The white lily (Lilium candidum) is a perennial flowering plant that grows up to 60 inches (150cm) tall. The bulbs are large and scaly. The leaves are linear; some grow at the base of the stalk and some around the stalk. The white lily is native to the Mediterranean and western Asia.
The white lily was popular with ancient Greeks and Romans. The Church dedicated the white lily to the Madonna--according to Botanical.com--probably because the white color of the flowers was the symbol of purity. The white lily has been cultivated in England for over 300 years.
The white lily bulb produces a hardy plant and thrives in many types of soil, as long as the beds are not in low, poorly drained areas. Plant bulbs in rifts, rather than in rows. Dig planting holes three times as deep as the height of the bulb and twice as wide as the bulb, but not more than four inches deep. Plant bulbs at least six inches apart. White lily bulbs should be planted before the end of August. Mulch the bulbs each year with wood ash, compost and bonemeal (just a dusting).
The white lily bulb does not like to be moved once planted. Choose a spot to plant where the bulbs will not have to be transplanted. Often bulbs that were fine before transplanting do not grow after transplanting. Water the bulbs with at least an inch of water each week. When the plant emerges from the soil, water gently but with at least an inch of water each week. The soil needs to be kept moist to at least eight to ten inches below the soil if the bulbs were planted four inches deep, so the roots are sure to get plenty of moisture from the soil.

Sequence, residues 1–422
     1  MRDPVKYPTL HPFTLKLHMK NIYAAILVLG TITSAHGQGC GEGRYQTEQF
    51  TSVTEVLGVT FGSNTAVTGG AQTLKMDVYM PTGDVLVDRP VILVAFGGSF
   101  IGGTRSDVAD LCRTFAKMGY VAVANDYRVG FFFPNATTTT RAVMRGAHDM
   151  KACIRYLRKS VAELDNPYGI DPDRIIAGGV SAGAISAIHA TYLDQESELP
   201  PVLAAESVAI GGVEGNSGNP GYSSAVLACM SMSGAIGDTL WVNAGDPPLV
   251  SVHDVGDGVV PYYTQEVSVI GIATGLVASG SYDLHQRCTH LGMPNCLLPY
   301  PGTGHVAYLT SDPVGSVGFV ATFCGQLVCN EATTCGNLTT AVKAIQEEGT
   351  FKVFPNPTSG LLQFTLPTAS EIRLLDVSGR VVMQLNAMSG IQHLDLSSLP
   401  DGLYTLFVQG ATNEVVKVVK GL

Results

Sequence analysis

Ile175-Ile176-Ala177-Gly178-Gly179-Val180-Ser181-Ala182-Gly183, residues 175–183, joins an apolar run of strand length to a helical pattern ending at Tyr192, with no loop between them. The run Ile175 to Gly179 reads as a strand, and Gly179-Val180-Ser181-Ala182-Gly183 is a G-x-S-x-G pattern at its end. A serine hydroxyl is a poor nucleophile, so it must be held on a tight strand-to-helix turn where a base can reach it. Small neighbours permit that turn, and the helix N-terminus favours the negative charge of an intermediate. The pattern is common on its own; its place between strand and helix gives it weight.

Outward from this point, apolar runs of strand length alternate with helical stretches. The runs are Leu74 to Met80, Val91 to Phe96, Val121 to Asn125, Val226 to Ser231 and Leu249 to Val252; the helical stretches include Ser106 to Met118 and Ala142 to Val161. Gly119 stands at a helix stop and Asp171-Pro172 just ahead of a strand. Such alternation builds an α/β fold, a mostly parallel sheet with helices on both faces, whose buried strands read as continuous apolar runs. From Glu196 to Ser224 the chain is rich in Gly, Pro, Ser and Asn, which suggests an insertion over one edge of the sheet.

The white lily bulb is used for food in certain cultures. It is harvested in August. It can be used as fresh food or dried to be used in cooking. The scales are peeled off and dried for other uses, and the bulb is commonly served with a white sauce in Japan. Once cooked, the bulb loses its acrid taste and is sweet tasting.
The white lily bulb is used for external inflammation, according to Ageless.co.za. The bulb is boiled in three tablespoons of water or milk, then applied to the inflamed area. The fresh bulb is also bruised and applied to tumors to help soften them. When the bulb is made into an ointment, it can be applied to corns and burns to help with pain and inflammation.